When It Did Not Work Out

But sometimes things would not work out through no fault of the trusting disciple. Two kinds of cases appear in the apophthegmata. The first, more benign, situation arose when someone’s abba could not make sense of something offered to him for discernment. This was especially the case with dreams or visions, which could be bewildering. In some cases, the brother seeks specialist advice and is then sent back to his original abba.45 In another and quite famous case, Palladius, author of the Lausiac History, went from the Cells to Scetis to see someone about his concupiscence: he felt that in Scetis he would find the real experts.46

The more dangerous cases concerned abbas who were overly harsh with their disciples, or who responded to a brother’s opening of heart with indignation or condemnation; typically, these stories are about the intervention of another abba who saves the young monk from despair.47 One example is a salutary lesson for anyone engaged in pastoral or counselling work; a brother comes to his abba to reveal a problem, but rather than admitting straightaway what he has been struggling with, he says, “If a thought of this kind came upon someone, could he still be saved?” The old man replies, “He would already have lost his soul.” The brother draws the obvious conclusion and heads off for town, stopping on the way to have another go with the same question, this time with Abba Sylvanus, who sees through the subterfuge and works with him.48Such stories are closely akin to the many stories which condemn the harsh treatment of disciples by their elders; the desert fathers seemed to have an acute awareness of how easily discipline could tip over into sadism.49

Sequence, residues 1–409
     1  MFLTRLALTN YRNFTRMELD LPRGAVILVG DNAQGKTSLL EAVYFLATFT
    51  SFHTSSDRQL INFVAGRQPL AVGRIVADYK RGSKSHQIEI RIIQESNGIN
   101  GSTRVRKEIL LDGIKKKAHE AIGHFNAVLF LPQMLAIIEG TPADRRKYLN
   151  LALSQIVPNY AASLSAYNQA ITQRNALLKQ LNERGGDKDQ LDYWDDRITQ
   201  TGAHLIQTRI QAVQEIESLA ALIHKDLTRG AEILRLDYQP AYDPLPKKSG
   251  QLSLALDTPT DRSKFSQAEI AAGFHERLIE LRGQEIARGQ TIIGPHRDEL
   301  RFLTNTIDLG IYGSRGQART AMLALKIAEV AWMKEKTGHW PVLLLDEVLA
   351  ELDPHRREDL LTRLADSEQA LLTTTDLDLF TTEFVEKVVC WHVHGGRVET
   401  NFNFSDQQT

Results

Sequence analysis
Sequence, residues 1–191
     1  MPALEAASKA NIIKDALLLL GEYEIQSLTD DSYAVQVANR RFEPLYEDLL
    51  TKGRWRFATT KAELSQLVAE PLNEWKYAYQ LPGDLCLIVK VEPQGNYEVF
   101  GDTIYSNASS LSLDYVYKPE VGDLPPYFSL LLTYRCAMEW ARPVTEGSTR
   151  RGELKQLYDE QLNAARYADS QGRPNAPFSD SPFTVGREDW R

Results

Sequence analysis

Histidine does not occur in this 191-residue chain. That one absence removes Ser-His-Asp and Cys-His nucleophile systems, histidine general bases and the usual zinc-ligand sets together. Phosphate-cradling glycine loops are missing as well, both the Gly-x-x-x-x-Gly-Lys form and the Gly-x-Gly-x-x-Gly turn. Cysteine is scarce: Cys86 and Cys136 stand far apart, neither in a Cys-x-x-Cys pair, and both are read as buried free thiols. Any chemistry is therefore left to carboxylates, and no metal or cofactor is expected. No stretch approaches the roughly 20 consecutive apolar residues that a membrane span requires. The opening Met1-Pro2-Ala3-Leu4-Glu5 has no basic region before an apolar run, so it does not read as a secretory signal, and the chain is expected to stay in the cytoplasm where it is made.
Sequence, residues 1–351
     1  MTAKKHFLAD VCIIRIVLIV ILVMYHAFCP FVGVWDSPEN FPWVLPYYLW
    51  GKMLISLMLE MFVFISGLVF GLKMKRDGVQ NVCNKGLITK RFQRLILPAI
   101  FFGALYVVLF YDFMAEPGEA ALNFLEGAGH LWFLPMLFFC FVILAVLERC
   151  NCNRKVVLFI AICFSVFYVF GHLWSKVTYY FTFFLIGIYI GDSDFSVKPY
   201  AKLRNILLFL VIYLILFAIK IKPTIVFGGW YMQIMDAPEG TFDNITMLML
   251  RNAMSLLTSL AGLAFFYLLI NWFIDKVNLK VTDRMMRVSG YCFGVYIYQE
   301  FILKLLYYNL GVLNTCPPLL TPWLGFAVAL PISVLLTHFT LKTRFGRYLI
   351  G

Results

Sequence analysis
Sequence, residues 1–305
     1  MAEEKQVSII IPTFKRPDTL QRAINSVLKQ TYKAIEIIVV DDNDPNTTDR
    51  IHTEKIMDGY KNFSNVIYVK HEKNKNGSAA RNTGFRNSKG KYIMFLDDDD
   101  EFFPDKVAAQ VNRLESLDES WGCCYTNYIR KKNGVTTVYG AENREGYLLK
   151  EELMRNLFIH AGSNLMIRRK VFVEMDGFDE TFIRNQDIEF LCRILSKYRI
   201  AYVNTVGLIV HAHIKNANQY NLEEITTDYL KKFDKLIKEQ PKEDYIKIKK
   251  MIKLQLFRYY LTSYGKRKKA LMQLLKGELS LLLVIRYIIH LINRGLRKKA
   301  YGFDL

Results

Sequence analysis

The other side of the contract, of course, was the disciple’s unreserved trust in the abba. It was this total giving over of the self to the elder that made the betrayals of trust described above so devastating. But there could be abuses on the side of the disciples, too. It has been noted above that the inability to trust another person can show itself in a temptation to self-discernment. It can also show in the opposite extreme, a tendency to shop around for a congenial opinion. In places like Nitria and Scetis, where there were many abbas nearby, it was common for monks to visit one after the other in search of wisdom. So far so good: but sometimes monks would (perhaps unconscious of what they were doing) play off one abba against another by comparing their advice on specific points. Abba Arsenius encountered a case like this when a young monk came to him, bothered by the thought that he should move from the desert into a monastery. He had been to Paphnutius, who had given him some basic advice, and then to Abba John, who modified Paphnutius’ advice, and when he came to Arsenius, Arsenius heard the saga and said, “Do as the others have told you. I have nothing to say but that.”50 Barsanuphius and John dealt with this issue, especially when both of them were serving as spiritual fathers and thus could be consulted by the same person. John’s basic line was that a monk should always consult the same father, for as the situation of the monk’s life would change, so would the father’s counsel. To consult someone else would be to distort this interplay.51 As for getting a second opinion, John was blunt: to do so was to test God, for God had already spoken through his saint.52 Similar to this was John’s wonderful reply to a monk who consulted both John and Barsanuphius without telling them that he had hedged his bets. John’s comment was: “The God of Barsanuphius and of John is one,” and so too would be their advice. 53 The disciple’s fidelity to one abba was also a means of preventing a monk from spilling his thoughts and problems to everyone within earshot, a practice the old men knew was unhelpful for all concerned: the monk telling everything to everyone would lose the focus provided by the discernment of his own elder, would not receive due attention from those he pestered, and might actually upset other monks who were not able to bear what he had to say.54 The result would be sadness for the blabbermouth and scandal among the victims of his indiscretion.